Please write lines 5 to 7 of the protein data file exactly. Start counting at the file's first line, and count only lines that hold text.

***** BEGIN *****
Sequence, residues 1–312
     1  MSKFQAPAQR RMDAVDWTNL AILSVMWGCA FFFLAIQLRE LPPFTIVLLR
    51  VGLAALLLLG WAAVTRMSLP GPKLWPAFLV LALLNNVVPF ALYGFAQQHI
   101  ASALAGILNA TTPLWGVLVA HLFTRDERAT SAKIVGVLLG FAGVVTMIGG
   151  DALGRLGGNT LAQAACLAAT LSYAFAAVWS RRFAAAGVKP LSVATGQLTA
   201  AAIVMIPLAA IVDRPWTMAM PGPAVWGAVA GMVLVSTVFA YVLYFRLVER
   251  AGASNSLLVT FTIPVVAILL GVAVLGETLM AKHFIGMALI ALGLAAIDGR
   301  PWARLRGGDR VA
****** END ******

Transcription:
   151  DALGRLGGNT LAQAACLAAT LSYAFAAVWS RRFAAAGVKP LSVATGQLTA
   201  AAIVMIPLAA IVDRPWTMAM PGPAVWGAVA GMVLVSTVFA YVLYFRLVER
   251  AGASNSLLVT FTIPVVAILL GVAVLGETLM AKHFIGMALI ALGLAAIDGR